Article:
By Deb Wisniewski, 2012-02-09
I just received this article from a colleague of mine - Using Emergence to Take Social Innovation to Scale, by Margaret Wheatley and Deborah Frieze. I'd love to know what other people think of it.
Emergence is a new term for me, so I'm still pondering what it means in te scope of the work that I do. What do you think? How do these ideas affect your thinking/working?
By Deb Wisniewski, 2015-05-15
By Deb Wisniewski, 2015-04-01
The following post was written for the Abundant Communityby Deb Wisniewski, with Dan Duncan and Tom Mosgaller, as a support piece related to theupcoming online/audioconferencewith John McKnight, Peter Block and Tom Mosgaller.
Working in the Gap
Often, when you get together with a group of people interested in Asset-Based Community Development (ABCD), you find a conversation about the gifts of individuals and what communities can do for themselves. But what about institutions? Institutions have been primarily focused on identifying community problems (deficit-based) and bringing in outside experts to solve those problems. Does ABCD give us a way to think about institutions and their relationships with communities in a different way?
It had become evident that the ability of institutions to respond to deficiencies as the primary model was doomed to failure, especially given the growing complexity and unpredictable events taking place in communities. Many local institutions began exploring how they could do their work differently if they thought of it from an ABCD perspective. What would happen if they changed the nature of their relationships with the community? Instead of trying to take over or fix a community, how could they actively support and empower people and the communities they live in? And what would it actually look like to have their staff do their work differently?
A transformation of thinking and doing was taking place. Communities have to become partners and co-producers of our future. The mental model of government or not-for-profits as vending machines where we put in our money, pull the lever and expect service is no longer viable.... Tom Mosgaller
As a result, the transformation that had been taking place was given a name - "Working in the Gap." The "Gap" is that space between the Institution andthe Community. "Gappers" are both the staff who do the actual work in communities, as well as the institutions who are working to put ABCD into practice through their organization.They have one foot in their institution and one foot in the community they serve. Gappers are a visible expression of the transformation that has been going on in institutions that are actively changing the way they thought about and worked with communities.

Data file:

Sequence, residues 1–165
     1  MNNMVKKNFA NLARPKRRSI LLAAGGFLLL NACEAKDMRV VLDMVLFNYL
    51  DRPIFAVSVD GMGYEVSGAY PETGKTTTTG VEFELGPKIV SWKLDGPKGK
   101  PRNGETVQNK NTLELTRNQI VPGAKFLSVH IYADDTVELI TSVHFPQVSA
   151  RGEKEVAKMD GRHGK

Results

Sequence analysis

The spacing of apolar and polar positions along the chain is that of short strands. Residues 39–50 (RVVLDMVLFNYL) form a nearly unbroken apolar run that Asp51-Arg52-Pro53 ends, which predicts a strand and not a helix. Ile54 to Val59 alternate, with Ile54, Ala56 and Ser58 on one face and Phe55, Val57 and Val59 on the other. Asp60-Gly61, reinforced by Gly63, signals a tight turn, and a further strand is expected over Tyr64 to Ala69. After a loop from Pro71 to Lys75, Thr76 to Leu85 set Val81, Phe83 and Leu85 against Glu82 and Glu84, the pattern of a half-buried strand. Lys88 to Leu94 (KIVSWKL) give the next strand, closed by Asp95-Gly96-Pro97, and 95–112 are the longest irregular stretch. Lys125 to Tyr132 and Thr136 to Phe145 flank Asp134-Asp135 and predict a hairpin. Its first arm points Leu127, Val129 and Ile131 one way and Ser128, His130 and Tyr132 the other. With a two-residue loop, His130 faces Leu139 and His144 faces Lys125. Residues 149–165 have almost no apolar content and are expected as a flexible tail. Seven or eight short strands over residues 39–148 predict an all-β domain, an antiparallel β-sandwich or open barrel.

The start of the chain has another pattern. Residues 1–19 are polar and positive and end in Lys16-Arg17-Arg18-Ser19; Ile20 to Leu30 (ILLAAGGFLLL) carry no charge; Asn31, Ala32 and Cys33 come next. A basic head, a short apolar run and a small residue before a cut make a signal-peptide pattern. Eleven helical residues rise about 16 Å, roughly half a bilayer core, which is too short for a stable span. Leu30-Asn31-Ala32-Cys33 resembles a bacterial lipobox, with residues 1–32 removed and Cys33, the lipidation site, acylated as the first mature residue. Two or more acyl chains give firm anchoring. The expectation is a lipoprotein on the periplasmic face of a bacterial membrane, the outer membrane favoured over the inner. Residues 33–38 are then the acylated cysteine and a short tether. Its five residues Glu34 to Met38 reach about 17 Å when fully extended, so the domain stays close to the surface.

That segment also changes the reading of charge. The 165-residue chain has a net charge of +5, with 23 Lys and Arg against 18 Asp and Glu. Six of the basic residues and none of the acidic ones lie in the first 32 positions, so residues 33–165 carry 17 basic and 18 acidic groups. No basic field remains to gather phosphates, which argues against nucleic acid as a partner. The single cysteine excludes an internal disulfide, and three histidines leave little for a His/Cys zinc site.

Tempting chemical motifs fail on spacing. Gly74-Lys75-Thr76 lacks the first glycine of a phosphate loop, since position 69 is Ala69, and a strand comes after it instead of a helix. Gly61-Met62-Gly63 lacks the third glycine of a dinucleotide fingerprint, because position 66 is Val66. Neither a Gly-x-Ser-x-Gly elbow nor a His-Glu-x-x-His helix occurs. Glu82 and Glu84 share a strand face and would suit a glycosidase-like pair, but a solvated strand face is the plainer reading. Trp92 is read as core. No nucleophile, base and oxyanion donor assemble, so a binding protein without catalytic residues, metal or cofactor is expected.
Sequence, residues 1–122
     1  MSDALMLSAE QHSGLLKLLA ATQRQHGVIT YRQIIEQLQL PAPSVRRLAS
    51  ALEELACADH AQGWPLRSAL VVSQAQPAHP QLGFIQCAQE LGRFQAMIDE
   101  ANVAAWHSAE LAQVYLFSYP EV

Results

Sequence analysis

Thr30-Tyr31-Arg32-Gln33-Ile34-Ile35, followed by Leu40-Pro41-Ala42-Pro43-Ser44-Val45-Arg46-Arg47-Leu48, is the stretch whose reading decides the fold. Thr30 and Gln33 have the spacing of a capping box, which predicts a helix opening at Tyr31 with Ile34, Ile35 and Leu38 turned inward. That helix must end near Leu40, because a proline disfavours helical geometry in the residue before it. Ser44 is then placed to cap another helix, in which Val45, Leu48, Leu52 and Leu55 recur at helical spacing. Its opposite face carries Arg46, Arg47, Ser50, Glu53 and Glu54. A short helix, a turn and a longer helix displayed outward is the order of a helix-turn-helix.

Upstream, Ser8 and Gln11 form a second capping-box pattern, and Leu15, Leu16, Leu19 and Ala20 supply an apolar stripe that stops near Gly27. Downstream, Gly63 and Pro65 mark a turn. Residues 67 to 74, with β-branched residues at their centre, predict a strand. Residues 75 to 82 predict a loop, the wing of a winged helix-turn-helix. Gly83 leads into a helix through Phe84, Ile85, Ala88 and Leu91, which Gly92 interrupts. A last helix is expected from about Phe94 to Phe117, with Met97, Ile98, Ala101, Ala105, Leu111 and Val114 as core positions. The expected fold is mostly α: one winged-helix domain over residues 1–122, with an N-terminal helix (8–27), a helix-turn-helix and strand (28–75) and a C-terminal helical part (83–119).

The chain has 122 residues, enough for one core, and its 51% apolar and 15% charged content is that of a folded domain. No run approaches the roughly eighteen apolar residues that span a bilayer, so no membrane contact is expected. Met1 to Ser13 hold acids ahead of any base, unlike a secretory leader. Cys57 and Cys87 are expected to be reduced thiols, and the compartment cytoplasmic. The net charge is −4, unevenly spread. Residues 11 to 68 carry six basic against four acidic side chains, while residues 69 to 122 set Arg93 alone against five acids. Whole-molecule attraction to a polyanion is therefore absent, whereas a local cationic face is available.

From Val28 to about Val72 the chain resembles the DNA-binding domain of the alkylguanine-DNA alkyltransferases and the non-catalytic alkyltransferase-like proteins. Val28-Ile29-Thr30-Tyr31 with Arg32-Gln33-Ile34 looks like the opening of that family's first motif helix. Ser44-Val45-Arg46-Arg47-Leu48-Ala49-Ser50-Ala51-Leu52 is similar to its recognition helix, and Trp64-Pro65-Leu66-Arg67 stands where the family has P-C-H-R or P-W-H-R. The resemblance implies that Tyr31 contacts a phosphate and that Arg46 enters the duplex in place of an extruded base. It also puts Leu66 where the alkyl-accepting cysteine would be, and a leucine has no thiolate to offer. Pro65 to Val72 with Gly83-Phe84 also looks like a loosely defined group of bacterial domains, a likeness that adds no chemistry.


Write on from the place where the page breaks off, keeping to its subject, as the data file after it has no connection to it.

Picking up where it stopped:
Gappers understand that, to build stronger and healthier families and neighborhoods, they must engage the people they serve as the primary producers of their own and their communitys well-being. They see their work as not just delivering services to meet the needs of the people they serve (filling in their emptiness). They see their role as working to create opportunity so that the people they serve can use their gifts. Gappers help people they serve move beyond the role of client to that that of a community participant, by asking not just "what do you need?", but also asking "what can you contribute?" They work to identify and unlock the assets present in neighborhoods and communities where they work. Gappers are in key role to remove the barriers that keep community members from sharing their gifts and contributing to their communitys well-being.
There are challenges to working in the gap for both the individual Gappers as well as the institutions. Some of these include:
- Does changing the way your organization function conflict with its mission? How does leadership (including board members) feel about the changes?
- Are Gapper staff fully supported by the organization or do they feel that they need to fly under the radar?
- Are there staff members who are still committed to maintaining the old way of helping people (focusing on needs rather than assets, fixing problems identified by outside systems, etc.)?
- What do Gappers need in order to navigate the institutional structure, while trying to fully support and empower individuals and communities? How can they juggle the expectations and demands of two different worlds?
- What are the institutional barriers that get in the way of supporting and empowering people and communities? What can the institution do about those barriers?